Denver’s Colfax Marathon – one driver’s perspective
Denver has an annual event called the Colfax Marathon and yesterday was the big day. Thousands participate and have a great time.
For the out-of-town readers, Colfax has the distinction of being the longest continuous street in America. The marathon travels down part of Colfax and several other streets in downtown Denver. This means that many of the streets are fully or partially blocked on marathon day so the runners can participate without being run down by cars.
If you happen to live in downtown Denver, which I do, it can be a challenge to get anywhere by car on race day. The city posts a few warnings about street closures but it can be tricky knowing which streets are fully passable.
Normally, I would just stay home or walk to Colfax and watch the race. This year, however, I needed to be at a photography class starting at 9:00 a.m. I had signed up for this class several weeks ago and was excited about attending. So, I carefully planned my route and left the house 40 minutes early for a drive that usually takes 10 minutes.
Things didn’t go as planned. The police had partially blocked a street I needed to cross. The policeman would let a car through when there was a long enough break in the stream of runners but that wasn’t very often. Cars were really backing up. (By the way, I’ve run 3 marathons and completely “get” the need to protect the runners and give them the right of way. If runners had to stop for cars, they’d never finish.)
I pulled up to this very long line of waiting cars and was not happy. I found out that many drivers had been sitting for over 30 minutes when I got there and most were clearly agitated. Traffic was going nowhere as the runners kept coming.
Drivers started blowing their horns, which caused a chain reaction of horn blowing. The policeman was unfazed and unsympathetic and the runners kept coming.
A few minutes of sitting turned into 30 and I called my teacher to say I’d be late. There was more horn blowing. I resisted the impulse to blow my horn, although it was tempting. You know it won’t do any good but it might relieve some pressure.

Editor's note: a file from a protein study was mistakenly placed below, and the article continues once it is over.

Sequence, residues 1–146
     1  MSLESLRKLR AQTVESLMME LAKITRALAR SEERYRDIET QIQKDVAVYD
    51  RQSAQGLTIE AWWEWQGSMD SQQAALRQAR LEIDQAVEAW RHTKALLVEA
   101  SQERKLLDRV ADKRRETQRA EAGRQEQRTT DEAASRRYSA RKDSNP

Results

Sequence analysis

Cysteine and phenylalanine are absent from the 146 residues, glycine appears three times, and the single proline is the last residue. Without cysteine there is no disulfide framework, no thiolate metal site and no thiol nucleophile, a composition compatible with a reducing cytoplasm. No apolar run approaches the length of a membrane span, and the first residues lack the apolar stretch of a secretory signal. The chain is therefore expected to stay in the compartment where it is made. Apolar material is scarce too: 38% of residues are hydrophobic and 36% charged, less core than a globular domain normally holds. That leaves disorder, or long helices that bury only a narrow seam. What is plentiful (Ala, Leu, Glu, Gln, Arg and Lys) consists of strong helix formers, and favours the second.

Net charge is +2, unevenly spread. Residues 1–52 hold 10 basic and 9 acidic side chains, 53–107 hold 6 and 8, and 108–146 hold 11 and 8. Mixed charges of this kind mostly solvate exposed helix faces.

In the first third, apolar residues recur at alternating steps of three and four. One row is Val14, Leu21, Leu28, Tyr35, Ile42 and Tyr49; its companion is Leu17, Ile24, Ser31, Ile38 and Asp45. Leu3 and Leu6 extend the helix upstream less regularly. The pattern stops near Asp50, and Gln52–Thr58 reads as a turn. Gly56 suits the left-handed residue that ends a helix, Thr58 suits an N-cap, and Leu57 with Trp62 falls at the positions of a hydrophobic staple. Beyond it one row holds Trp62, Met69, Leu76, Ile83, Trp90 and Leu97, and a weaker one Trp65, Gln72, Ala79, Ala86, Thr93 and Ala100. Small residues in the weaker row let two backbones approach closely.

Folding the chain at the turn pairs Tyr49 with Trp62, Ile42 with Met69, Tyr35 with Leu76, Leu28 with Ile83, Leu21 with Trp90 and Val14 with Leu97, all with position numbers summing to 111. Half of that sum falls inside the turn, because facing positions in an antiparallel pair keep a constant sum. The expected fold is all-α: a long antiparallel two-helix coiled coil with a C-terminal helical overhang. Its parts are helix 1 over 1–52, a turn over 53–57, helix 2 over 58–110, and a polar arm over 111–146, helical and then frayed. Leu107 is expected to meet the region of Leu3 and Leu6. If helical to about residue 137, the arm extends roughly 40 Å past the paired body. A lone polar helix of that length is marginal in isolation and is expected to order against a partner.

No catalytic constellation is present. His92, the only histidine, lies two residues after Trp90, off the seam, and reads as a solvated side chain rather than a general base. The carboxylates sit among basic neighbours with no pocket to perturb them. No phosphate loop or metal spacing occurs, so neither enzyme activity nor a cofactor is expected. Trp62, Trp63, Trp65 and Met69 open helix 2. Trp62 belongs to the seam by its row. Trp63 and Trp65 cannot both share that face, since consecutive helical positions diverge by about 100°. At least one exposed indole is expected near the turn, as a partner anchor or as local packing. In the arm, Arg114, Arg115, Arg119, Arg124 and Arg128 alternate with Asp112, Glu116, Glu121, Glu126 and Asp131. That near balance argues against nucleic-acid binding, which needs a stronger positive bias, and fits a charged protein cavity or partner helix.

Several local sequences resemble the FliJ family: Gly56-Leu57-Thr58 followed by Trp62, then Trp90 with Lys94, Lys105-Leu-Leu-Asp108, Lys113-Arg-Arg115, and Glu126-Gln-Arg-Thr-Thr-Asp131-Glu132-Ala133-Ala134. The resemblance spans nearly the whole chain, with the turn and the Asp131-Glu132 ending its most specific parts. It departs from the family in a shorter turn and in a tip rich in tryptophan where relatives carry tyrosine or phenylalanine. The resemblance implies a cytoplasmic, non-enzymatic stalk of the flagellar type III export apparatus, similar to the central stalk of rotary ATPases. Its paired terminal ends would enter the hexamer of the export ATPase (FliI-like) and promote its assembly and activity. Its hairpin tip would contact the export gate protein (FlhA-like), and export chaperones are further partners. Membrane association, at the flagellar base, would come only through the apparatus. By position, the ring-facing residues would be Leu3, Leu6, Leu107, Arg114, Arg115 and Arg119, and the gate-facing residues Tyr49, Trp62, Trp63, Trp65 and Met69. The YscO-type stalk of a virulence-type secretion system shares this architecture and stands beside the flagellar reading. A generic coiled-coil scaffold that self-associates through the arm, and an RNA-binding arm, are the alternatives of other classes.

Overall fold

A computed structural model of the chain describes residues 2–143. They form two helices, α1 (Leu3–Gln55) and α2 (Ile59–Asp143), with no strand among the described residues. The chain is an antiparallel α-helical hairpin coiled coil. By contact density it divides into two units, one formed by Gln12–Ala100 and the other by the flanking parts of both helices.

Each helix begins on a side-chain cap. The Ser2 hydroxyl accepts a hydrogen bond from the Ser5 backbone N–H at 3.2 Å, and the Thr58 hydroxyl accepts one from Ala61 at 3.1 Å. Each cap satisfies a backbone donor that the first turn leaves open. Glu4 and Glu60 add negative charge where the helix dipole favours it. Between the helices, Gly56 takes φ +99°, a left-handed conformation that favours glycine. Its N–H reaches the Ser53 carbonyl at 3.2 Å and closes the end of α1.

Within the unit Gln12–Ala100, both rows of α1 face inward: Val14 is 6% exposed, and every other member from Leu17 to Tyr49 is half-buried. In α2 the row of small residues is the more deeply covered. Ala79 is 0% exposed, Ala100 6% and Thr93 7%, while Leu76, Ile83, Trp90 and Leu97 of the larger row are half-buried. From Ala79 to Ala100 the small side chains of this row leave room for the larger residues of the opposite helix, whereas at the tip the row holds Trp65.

Crowd psychology was having an impact and I felt myself getting more and more impatient and angry at missing my class. At last my yoga brain kicked in and reminded me to breathe and to use belly breathing. (See my blog – Calming Down with Belly Breath for the technique.) I moved my attention from the outside frustrations to inside my body and mind and focused like a laser on my breath.
After several minutes, I moved my attention from inside back to the outside scene. But this time I was viewing the scene as a calm observer rather than an agitated participant.
The transformation was fascinating as the scene switched for me and I felt more entertained than agitated. People were hanging off their balconies talking and empathizing with the frustrated drivers. Drivers were visiting other cars and drivers. Horns were still blowing. The runners kept coming and the policeman remained resolute and unsympathetic. It was an entertaining scene from an observer’s point of view.
Finally, another policeman appeared and directed us down a back alley to the only passable street in Denver. Forty-five minutes later I was on my way at last.
It was so interesting to switch from agitated participant to calm observer using my breath. Breath is a powerful life management tool, and it’s available to you anytime, anywhere.
Enjoy and Breathe Easy
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